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That isn't a new automated teller machine, there in the school office at Cloverdale High School.

It's an interactive kiosk that tells stories, stories about the history of Sonoma County's northernmost city and about the lives of people from all walks of life there.

Beyond being often fascinating, the interviews displayed by the machine seek to introduce neighbor to neighbor, counteract prejudice and suspicion, and develop a sense of "us-and-them" into one of "we."

Officially termed a "Mobile Interactive Museum," the human-connecting technology features a good many interviews aimed at dissolving the divide between Latinos and Anglos in the north county. But at the push of a button, people of all sorts tell their stories, share their successes and challenges and by implication invite others to step for a moment into their shoes.

"People tend to other-ize," said Phyllis Rosenfield of Santa Rosa. She's one of the county's most diligent proponents of genuine acceptance of diversity and a key member of the partnership that created the kiosk. She'll move it next month to the Cloverdale Citrus Fair.

"This is an opportunity to cross boundaries and make deeper connections," she said.

The kiosk came to be through the shared vision of a nonprofit that Rosenfield founded, called Listening for a Change; the Cloverdale History Center; and Cloverdale High School. English and history students of teacher Wendy Conner conducted the oral-history interviews, some of which can also be seen on the website of Listening for a Change.

Trained by the agency, students have been interviewing Cloverdale residents on video for four years. Teacher Conner said the process has taught students interview skills, built their confidence and opened their eyes to the value of moving beyond presumptions about a person and delving into his or her life.

"They realize there is so much more to people than you see on the street," the teacher said.

2013 Cloverdale High grad Caroline Naiman said she grew up in the small town thinking she knew everybody, and that conducting interviews with Listening for a Change showed how much she didn't know.

For one thing, said Naiman, who's 18 and now a student at the Nebraska College of Technical Agriculture, the oral histories "bring a lot of respect for our elders."

"You think you know them, but you really don't," she said. "To learn what they've been through is really cool."

Her mother, Laurie Naiman, is among those interviewed for the project. She speaks about how her life has been affected by multiple sclerosis.

The idea to take the interviews into the community through an interactive, mobile kiosk might well still be just an idea were it not for a surprising and memorable moment last year at an informational reception the partners held in Cloverdale.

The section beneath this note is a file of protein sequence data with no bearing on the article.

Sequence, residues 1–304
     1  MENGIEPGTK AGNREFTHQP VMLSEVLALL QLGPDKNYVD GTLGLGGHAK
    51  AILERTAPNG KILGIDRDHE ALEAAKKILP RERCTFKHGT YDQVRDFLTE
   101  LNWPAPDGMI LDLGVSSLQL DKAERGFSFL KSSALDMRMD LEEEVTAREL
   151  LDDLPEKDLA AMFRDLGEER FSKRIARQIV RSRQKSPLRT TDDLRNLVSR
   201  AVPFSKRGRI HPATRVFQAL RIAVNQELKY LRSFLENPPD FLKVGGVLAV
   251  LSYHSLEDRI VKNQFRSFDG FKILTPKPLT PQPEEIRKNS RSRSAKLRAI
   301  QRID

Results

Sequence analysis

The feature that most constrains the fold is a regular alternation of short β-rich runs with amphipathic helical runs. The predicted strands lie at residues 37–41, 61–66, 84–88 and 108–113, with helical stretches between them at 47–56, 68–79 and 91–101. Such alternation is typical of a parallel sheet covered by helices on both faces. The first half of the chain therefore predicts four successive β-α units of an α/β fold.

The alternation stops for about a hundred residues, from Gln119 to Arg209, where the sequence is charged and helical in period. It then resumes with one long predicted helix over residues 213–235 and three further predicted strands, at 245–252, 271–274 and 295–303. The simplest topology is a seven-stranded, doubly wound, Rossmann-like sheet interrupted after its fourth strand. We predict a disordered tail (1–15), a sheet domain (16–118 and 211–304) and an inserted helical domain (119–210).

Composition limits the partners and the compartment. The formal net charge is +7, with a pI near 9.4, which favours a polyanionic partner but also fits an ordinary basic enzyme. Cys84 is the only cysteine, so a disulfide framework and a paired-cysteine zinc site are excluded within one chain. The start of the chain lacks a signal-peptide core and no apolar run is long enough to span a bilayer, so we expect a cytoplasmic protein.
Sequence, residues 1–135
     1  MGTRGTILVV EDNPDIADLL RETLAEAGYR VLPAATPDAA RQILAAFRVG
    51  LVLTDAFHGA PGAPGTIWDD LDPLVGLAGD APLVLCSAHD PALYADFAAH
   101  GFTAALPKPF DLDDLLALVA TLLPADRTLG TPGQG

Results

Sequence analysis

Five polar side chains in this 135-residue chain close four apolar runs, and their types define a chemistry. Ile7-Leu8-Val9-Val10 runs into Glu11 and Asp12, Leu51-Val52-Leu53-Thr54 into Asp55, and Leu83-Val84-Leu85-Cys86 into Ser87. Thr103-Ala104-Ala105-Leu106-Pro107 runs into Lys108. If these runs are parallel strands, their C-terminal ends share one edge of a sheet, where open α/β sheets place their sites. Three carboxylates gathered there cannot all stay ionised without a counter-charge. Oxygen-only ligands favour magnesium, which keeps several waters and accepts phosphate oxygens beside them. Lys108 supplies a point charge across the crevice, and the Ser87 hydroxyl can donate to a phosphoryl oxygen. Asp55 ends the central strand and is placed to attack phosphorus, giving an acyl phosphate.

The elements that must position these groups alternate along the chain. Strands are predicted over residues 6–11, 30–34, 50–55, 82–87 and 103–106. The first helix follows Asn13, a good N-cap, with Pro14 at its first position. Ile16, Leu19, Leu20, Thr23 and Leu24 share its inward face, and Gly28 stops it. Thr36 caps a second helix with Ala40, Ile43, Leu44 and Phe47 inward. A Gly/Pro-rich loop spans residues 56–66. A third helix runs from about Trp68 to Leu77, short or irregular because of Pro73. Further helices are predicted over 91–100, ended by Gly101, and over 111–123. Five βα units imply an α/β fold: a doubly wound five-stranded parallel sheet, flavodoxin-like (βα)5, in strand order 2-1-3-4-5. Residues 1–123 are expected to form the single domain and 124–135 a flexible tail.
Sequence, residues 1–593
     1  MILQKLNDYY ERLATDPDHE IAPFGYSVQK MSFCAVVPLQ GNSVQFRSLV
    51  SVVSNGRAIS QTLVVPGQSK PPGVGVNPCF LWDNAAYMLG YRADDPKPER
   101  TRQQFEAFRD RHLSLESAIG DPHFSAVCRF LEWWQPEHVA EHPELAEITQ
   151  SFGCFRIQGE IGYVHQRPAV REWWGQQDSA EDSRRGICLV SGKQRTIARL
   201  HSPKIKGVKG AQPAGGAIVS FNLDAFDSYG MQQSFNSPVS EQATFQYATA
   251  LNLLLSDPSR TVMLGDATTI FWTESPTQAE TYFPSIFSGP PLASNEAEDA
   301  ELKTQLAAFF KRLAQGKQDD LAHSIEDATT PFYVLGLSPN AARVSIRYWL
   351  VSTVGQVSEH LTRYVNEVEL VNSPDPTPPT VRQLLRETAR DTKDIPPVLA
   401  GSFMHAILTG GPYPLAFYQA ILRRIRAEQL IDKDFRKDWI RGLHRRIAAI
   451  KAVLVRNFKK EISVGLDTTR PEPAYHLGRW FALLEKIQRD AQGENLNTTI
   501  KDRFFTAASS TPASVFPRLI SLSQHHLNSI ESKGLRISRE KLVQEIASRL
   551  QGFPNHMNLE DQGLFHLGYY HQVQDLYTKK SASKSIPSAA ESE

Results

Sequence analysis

A well-traveled local fellow named John "Dutch" Lyons heard about the event and came to hear more about the oral histories and the concept of a moveable museum.

Conner admits, "Honestly, I thought he was a homeless guy who had walked in off the street."

In fact, Lyons was a creative sort and longtime practitioner of Transcendental Meditation who'd lived in Sicily, worked as the gardener and resident artist at Big Sur's Nepenthe restaurant in the 1960s and operated Juanito's Burritos in San Francisco's Haight-Ashbury neighborhood in the 1970s.

Resources To Help

North Bay Suicide Prevention 24-hour hotline: 855-587-6373

NAMI Sonoma County warmline: 707-527-6655

Sonoma County Psychiatric Emergency Services: 707-576-8181

For information on Sonoma County support groups, call 707-527-6655 or go to namisonomacounty.org

"He was pretty much penniless for a lot of his life," said his brother, Noel Lyons of Santa Rosa. "I would say he was one who marched to his own drummer."

In recent years, Dutch Lyons lived in Cloverdale on an inheritance and actively supported students involved in sports and other endeavors at Cloverdale High.

He spoke with Rosenfield at the gathering in town last year, then handed her a check for $7,000. A few months later, Lyons died. He was 75.

His gift allowed the purchase of the Mobile Interactive Museum. It was programmed with the oral histories conducted by the students and with stories and features on Cloverdale history.

"It really engages people," said Elissa Morrash, director of Cloverdale Historical Society, operator of the downtown History Center. Such interactive technology, she said, "is really the way I think museums are going."

"Our theme has been to make history come alive," Morrash said, adding that a wonderful aspect of the mobile kiosk is that new content and features can be added constantly.

The kiosk was located for a time at the History Center, then moved to its current spot at the high school.

"It's one of the coolest projects ever," said Principal Theresa Burke, long a supporter of the Listening for a Change approach to bringing people together.

The mobile museum will be an attraction at the mid-February Cloverdale Citrus Fair, then will be moved to other locations in town. Potential sites include City Hall, the public library, markets and other businesses.

Primary proponent Rosenfield, whose quest against intolerance and the us-versus-them mentality grew from having lost loved ones to the Holocaust, envisions story-telling kiosks in Santa Rosa and elsewhere throughout the county.

She said she's not so naive as to think that acquainting people through mobile technology is the way to achieve greater empathy and acceptance. But she's encouraged by signs that it is one way.

(Chris Smith is at 521-5211 and chris.smith@pressdemocrat.com.)

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